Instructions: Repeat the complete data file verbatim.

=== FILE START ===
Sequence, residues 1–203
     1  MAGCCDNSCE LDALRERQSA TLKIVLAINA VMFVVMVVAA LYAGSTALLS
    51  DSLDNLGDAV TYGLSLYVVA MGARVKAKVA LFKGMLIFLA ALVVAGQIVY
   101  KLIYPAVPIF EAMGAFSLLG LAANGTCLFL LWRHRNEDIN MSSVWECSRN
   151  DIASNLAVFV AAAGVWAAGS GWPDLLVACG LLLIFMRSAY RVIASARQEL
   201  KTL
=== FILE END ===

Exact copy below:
Sequence, residues 1–203
     1  MAGCCDNSCE LDALRERQSA TLKIVLAINA VMFVVMVVAA LYAGSTALLS
    51  DSLDNLGDAV TYGLSLYVVA MGARVKAKVA LFKGMLIFLA ALVVAGQIVY
   101  KLIYPAVPIF EAMGAFSLLG LAANGTCLFL LWRHRNEDIN MSSVWECSRN
   151  DIASNLAVFV AAAGVWAAGS GWPDLLVACG LLLIFMRSAY RVIASARQEL
   201  KTL